What is the Accounting Equation?
The Accounting Equation is a fundamental principle stating that a company’s assets (i.e. resources) must always be equal to the sum of its liabilities and equity (i.e. funding sources).
Accounting Equation: Assets = Liabilities + Equity
The chart below summarizes the accounting equation:
Balance Sheet Equation: Fundamental Concepts
The balance sheet is one of the three main financial statements that depicts a company’s assets, liabilities, and equity sections at a specific point in time (i.e. a “snapshot”).
Typically reported on a quarterly or annual basis, the balance sheet consists of three components:
|Shareholders’ Equity Section||
Accounting Equation Formula
The fundamental accounting equation, as mentioned earlier, is as follows:
The rationale is that the assets belonging to a company must have been funded somehow, i.e. the money used to purchase the assets did not just appear out of thin air to state the obvious.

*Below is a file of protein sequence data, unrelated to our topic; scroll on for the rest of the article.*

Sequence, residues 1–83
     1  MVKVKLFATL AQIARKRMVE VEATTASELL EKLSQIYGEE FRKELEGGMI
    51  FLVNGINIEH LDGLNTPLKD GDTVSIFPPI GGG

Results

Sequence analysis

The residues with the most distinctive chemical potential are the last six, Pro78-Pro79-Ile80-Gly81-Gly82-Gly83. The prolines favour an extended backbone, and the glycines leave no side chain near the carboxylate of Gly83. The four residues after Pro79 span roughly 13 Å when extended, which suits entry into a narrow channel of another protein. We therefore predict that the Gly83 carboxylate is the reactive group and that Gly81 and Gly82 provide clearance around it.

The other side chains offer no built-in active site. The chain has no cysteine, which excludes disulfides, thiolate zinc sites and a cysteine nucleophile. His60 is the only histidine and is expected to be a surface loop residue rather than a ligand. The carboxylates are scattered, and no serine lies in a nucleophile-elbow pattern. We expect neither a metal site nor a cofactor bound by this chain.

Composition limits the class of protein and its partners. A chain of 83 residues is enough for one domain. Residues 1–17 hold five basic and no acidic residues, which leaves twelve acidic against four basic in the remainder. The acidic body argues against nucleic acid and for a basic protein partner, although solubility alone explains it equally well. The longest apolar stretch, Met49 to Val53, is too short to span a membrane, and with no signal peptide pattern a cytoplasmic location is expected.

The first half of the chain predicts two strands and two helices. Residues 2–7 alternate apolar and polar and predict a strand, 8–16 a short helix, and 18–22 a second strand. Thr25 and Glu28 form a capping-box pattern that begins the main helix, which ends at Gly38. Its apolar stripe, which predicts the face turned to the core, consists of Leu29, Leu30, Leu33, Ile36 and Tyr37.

If a company’s assets were hypothetically liquidated (i.e. the difference between assets and liabilities), the remaining value is the shareholders’ equity account.
Therefore, the assets side must always be equal to the sum of the liabilities and equity — which are the company’s two funding sources:
- Liabilities — e.g. Accounts Payable, Accrued Expenses, Debt Financing
- Shareholders’ Equity — e.g. Common Stock and APIC, Retained Earnings